Where I sit if you look up for this location (38°28’35″N, 70°57’56″E) on a map and draw a vertical line through it, in the south the line will cross a city named Layyah in Pakistan.
Layyah is my home town, where I was born and spent two-third of my life. This is where my brothers and sisters live, and in here are the graves of a mom and a dad waiting to see their son again.
When I sit here and look directly to the south, Layyah is far beyond my sight, many hundred kilometres away.
Instead what I see in front me is the Panj River and just across it is Afghanistan. I see women washing clothes on the other side of the river. At some distance a donkey is drinking water from the river. Nearby a bunch of kids are playing frisbee.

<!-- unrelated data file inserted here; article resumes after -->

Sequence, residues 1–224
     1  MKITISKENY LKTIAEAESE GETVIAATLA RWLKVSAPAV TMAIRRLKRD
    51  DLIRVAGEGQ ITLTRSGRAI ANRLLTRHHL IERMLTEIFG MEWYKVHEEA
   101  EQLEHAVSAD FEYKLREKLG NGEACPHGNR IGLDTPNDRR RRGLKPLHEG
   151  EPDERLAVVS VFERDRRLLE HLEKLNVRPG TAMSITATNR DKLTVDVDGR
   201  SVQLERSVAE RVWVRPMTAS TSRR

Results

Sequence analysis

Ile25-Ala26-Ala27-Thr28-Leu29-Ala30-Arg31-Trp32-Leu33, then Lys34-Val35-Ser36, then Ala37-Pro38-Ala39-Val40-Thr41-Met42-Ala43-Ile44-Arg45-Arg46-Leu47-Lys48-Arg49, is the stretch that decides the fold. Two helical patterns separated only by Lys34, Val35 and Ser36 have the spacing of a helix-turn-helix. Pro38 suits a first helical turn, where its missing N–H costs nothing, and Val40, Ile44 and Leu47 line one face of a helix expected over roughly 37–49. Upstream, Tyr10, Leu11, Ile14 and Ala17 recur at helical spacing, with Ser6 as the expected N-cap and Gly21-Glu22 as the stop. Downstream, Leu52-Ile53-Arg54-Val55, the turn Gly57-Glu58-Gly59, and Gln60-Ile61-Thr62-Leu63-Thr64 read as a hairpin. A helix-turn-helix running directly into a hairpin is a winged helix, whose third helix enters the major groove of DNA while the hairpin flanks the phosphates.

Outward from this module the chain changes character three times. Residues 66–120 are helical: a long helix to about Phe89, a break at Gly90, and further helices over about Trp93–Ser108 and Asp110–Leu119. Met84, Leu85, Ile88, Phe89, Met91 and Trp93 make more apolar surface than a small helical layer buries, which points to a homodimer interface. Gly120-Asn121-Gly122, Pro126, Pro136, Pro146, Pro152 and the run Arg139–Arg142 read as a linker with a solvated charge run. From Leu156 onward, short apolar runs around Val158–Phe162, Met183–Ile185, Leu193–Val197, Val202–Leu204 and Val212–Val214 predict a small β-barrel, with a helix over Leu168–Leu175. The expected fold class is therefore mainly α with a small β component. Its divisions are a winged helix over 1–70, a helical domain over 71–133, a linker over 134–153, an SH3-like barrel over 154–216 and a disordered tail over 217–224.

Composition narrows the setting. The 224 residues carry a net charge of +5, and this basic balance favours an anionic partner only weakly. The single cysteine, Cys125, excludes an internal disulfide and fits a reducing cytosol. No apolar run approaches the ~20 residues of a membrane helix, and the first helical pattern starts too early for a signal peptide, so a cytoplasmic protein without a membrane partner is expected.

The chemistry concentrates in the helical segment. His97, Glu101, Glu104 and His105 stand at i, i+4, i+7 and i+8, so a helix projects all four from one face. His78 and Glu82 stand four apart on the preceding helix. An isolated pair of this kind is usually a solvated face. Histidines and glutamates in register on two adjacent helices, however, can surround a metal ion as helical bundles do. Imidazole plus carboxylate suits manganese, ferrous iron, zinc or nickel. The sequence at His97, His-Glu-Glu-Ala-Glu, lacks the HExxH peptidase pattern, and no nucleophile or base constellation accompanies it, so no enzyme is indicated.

As I hear the shoutings of the kids, I remember my own childhood — how I loved to swim in the Layyah Minor Canal in front of our home, how I learnt to ride the bicycle, and all the lies I spoke to my mom upon returning home late. The fading memories come alive just by sitting here.
I whistle and shout at the Afghani people across the river and wave to them. They respond by waving back.
Away from home I feel at home!